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16 of 16 people found the following review helpful
5.0 out of 5 stars MUST-HAVE book for parents of colicky/high needs babies.
This book is a MUST have for colicky and high need babies. Everyone I know with high need children have this and its the #1 recommended book on the subject, with #2 being "The Spirited Child" which is for slightly older children and up. High needs babies are defined by Dr. Sears, really the best authority on the subject, as intense, hyperactive, draining,...
Published on 17 Nov 1998

versus
3.0 out of 5 stars Just go on the website
I've found Dr Sears principles really useful when it comes to parenting my child and whilst the principles of parenting a high need child are really useful I found that this book literally didn't provide me with any more help than the FREE information provided on the Dr Sears website.
Published 17 months ago by Rachael Squires


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16 of 16 people found the following review helpful
5.0 out of 5 stars MUST-HAVE book for parents of colicky/high needs babies., 17 Nov 1998
By A Customer
This book is a MUST have for colicky and high need babies. Everyone I know with high need children have this and its the #1 recommended book on the subject, with #2 being "The Spirited Child" which is for slightly older children and up. High needs babies are defined by Dr. Sears, really the best authority on the subject, as intense, hyperactive, draining, feeds frequently, demanding, awakens frequently, unsatisfied, unpredictable, supersensitive, unable to be put down, uncuddly (oh sooo true!), not a self-soother, and seperation sensitive. He also says most babies ARE high needs in one area or another, but highneeds babies are high needs in almost ALL departments. Remember though, that your high needs child may have many of the traits, but not all. Each child expresses their high needs traits in their own way and the behavior is manifested individually. There are also high need FAQs online. But they will not give you 1/100th of the valuable information and validation you will recieve from this book -- its a GODSEND. ;)
--Susan
p.s. The only reason there aren't more reviews here I think is that high needs kids are so high-maintenance we never have the time or energy to do anything but sleep and eat. LOL ;)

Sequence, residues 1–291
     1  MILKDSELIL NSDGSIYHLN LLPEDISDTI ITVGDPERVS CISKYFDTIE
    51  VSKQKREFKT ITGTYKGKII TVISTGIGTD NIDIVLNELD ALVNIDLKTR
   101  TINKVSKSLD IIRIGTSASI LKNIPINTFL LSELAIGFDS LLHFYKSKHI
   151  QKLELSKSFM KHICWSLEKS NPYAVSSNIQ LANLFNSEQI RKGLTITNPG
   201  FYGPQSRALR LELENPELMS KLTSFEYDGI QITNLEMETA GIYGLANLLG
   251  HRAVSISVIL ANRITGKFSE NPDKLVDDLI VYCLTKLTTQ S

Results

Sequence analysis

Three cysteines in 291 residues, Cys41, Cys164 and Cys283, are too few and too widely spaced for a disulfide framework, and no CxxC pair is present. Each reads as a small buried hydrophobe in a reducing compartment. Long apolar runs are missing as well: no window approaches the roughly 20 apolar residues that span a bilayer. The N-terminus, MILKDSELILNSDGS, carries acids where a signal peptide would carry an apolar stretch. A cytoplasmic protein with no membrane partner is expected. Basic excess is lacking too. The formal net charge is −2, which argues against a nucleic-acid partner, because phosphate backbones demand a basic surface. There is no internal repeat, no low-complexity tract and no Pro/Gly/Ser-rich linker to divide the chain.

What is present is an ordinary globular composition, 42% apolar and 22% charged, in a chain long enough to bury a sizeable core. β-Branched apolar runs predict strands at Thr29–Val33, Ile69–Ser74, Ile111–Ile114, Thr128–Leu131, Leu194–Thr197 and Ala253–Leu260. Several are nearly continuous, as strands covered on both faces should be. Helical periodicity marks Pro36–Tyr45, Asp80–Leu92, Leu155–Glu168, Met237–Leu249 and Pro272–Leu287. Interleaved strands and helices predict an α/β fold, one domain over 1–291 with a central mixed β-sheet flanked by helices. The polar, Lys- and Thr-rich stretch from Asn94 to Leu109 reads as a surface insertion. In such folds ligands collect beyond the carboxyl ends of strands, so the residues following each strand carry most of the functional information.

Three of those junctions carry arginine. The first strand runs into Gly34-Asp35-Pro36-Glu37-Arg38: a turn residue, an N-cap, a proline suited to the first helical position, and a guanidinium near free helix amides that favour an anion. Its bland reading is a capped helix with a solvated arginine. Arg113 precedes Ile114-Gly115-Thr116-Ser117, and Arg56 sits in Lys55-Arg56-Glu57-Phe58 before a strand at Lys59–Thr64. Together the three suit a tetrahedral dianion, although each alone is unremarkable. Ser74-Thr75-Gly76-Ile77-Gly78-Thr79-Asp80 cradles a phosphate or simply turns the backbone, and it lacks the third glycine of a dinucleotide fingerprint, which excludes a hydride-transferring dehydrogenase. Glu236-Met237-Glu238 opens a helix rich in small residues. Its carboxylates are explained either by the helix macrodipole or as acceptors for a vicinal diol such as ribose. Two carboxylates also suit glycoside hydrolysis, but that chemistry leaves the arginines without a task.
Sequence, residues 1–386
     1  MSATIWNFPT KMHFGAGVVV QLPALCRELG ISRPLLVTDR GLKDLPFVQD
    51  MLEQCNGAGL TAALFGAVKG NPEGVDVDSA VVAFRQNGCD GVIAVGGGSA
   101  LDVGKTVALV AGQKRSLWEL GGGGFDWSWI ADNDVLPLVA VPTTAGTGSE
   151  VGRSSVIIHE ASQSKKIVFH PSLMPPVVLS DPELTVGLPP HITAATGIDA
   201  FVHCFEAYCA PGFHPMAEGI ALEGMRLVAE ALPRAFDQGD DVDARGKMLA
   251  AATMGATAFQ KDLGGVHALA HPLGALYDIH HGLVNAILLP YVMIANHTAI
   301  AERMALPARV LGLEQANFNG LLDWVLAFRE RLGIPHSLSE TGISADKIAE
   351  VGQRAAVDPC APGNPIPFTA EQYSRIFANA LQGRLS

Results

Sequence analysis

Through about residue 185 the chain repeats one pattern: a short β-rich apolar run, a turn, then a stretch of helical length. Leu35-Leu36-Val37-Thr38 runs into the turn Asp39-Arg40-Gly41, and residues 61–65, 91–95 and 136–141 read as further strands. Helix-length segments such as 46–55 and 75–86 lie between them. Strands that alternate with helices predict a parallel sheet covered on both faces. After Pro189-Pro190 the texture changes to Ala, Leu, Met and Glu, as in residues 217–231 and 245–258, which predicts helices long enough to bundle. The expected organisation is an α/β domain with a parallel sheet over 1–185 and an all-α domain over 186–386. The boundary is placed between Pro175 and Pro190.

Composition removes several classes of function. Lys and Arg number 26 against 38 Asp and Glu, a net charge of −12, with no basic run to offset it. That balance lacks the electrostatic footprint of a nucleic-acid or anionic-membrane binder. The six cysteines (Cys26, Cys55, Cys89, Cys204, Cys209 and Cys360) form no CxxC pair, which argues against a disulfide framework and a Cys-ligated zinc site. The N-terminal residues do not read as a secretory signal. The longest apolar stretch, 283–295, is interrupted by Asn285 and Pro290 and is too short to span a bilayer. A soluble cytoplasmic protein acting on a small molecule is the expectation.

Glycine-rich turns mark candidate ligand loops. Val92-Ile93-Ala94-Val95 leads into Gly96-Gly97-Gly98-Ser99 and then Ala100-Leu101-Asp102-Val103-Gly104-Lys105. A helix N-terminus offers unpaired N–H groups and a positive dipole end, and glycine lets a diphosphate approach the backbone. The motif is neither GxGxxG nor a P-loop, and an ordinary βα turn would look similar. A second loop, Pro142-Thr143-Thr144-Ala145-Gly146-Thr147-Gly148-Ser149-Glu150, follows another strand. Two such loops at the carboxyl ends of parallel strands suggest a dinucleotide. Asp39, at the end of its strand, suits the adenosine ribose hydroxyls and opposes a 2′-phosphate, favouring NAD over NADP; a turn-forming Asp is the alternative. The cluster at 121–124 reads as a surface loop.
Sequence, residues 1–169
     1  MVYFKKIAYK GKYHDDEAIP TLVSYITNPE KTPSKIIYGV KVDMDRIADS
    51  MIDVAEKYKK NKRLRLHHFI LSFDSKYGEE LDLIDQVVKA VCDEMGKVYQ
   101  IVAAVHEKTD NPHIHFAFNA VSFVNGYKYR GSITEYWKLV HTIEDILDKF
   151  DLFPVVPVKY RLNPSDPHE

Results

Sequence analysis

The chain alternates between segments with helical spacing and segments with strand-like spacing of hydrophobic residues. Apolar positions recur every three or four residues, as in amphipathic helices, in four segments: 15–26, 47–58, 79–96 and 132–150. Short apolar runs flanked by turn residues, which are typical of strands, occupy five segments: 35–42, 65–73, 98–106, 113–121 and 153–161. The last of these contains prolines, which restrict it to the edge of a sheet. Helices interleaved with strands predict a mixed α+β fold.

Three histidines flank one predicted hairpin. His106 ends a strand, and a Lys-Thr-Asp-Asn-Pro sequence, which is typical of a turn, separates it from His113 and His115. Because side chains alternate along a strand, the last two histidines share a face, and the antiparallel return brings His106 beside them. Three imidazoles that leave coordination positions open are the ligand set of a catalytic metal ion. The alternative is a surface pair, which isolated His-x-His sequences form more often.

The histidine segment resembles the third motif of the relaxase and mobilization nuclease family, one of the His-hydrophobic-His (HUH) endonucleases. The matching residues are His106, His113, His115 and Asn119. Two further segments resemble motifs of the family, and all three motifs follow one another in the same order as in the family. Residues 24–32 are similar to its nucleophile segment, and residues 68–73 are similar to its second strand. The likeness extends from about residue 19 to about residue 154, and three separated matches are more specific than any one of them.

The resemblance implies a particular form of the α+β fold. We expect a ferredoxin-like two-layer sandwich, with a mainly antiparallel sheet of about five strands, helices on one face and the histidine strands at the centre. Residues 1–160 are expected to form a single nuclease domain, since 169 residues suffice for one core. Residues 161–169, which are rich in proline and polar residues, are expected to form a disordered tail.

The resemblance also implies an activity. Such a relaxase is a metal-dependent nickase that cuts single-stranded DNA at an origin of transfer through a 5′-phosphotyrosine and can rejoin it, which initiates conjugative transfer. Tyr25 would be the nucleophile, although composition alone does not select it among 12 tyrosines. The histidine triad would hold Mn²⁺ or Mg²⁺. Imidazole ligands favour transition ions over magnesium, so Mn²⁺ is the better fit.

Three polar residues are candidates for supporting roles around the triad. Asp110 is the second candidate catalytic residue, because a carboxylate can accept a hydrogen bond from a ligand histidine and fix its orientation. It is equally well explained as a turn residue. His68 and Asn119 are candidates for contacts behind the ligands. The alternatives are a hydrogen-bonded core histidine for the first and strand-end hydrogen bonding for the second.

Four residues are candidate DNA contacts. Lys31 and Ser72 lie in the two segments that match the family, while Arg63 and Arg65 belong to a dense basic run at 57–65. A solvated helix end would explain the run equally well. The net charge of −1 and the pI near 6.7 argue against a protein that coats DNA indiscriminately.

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42 of 43 people found the following review helpful
4.0 out of 5 stars It's ok to cuddle your baby, 5 Aug 2006
By 
L. Haycox "lauren30" (UK) - See all my reviews
(VINE VOICE)    (REAL NAME)   
After friends recommended reading Gina Ford and Tracy Hogg, I tried getting my baby into a routine, applied the methods for sleeping and feeding but found, after a very stressful couple of months, that my baby wasn't sleeping through, nor taking daytime naps (20 minutes if I was lucky), nor conforming to much of a routine. If the techniques don't work, both these authors stress that the parent must be doing something wrong. I ended up guiltily doing what I really wanted to; carrying the baby in a sling a lot; bringing her into bed with me; feeding her when she indicated she was hungry. But I felt that I had failed.

Then I stumbled across the askdrsears website and felt vindicated. I subsequently bought some of William and Martha Sear's books. What a relief it's been to discover an approach to caring for your baby that isn't centred on training the baby to fit into your life. They advocate a very nurturing, baby-focused approach that acknowledges that your baby will turn your world upside down but hey, it's a baby. It's not going to last long and, most importantly, babies are helpless, dependent and are instinctively afraid to be alone and away from their mothers. You can't spoil a tiny baby by cuddling too much but you can do them a lot of harm by not cuddling them enough.

This book addresses the problems that parents of particularly demanding babies might face - exactly the sort of babies who, like mine, respond very badly to being 'trained'. There are lots of tips for bonding with your baby, getting her settled and to sleep but be warned, these are very counter to what you might have read elsewhere in that the Sears do advocate doing whatever works for you, even if this results in 'bad' sleep associations such as only falling asleep when nursing or being cuddled. Their take is - what's so bad about a baby being cuddled - which I agree with.

This loses a star for a few reasons - practically all the information is on the askdrsears website, so not much point in buying the book if you have web access (credit to them for providing it free of charge - unlike Gina Ford who charged £40 to register on her site!). Sometimes the style of the book is rather sentimental and more fitting for a US reader than an English one. Finally, they do go on about breastffeding and as a mother who desperately wanted to breastfeed but for various reasons couldn't, I don't need the guilt.